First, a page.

Some problems identified early on using biodiesel blends in the woods for forestry operations, outside of obvious cold weather concerns, included a dirty fueling infrastructure and poor fueling practices. “Their practices aren’t exemplary,” Rittich says of the forestry industry. “Out in the woods you’ll often see dispensing pumps without any filters of any sort, and a lot of these methods for fueling the machinery use a small tank in the back of a pickup truck, that’s been in the back of the previous model pickup truck—and the model before that too,” he laughs. “So, some these tanks have been around for a while.”
Five Fuel Networks, Four Sites
Above-ground fuel storage tanks with no insulation ranging from 450 to 18,000 liters (119 to 4,755 gallons) were used, and five distinct fuel distribution networks were studied. The two logging operations tested B2. At the Saint-Ludger-de-Milot, Quebec, forestry site, one or more intermediate storage facility stopovers were used between taking delivery of in-line blended B2 from a terminal in Quebec City, and two on-site above-ground tanks sized 5,800 to 18,000 liters, from which 640 to 2,800 liter mobile tanks delivered the fuel to eight machines: two forwarders, two harvesters, two grapple skidders, one feller-buncher and one dangle-head processor. Even though multiple storage tanks and fuel transfers were used, no fuel-related issues emerged, according to the study.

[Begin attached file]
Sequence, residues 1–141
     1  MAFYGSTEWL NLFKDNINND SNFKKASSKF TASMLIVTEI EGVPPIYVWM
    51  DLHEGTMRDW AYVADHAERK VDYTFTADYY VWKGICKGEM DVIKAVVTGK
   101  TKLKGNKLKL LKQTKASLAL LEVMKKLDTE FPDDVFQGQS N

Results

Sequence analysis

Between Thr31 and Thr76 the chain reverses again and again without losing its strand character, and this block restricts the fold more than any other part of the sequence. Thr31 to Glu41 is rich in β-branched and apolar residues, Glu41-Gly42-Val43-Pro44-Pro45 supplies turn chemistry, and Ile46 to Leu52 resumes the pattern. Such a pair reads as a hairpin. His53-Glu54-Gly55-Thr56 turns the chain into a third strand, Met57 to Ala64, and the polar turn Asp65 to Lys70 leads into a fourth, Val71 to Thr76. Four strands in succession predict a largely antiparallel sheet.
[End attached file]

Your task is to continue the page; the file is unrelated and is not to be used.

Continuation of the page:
The forestry site in Merritt, B.C., picked up in-line blended B2 from a Vancouver terminal and delivered it to a 13,000-liter storage tank on-site, where 450 to 650 liter mobile tanks then refueled 10 forestry machines: three dangle-head processors, two grapple skidders, two knuckle-loaders, a bulldozer, an excavator and a feller-buncher.
At Prince George, B.C., the sawmill site, two different fuel distribution networks were used, the first from mid-December to mid-March, and the second from mid-March to the present. The first system involved a tanker truck picking up ULSD at a bulk terminal in Prince George, and using in-tank blending a second tank holding soy B100 was pumped in a third empty tank at the same time as the ULSD. The B5 was recirculated in the main tank for thorough mixing, and the fuel was delivered to a 15,000-liter above-ground storage tank from which operators filled their machines. The second fuel distribution method utilized in-line blended B5 picked up in an 18,000-liter tanker trailer from the Shell Vancouver terminal rack, which was met off-site by delivery tankers that filled up from the large tanker trailer and delivered B5 to the sawmill’s 15,000-liter above-ground storage tank, from which operators filled their equipment directly. The 12 sawmill machines running on B5 included knuckle-boom loaders, forklifts, wheel loaders and log stackers.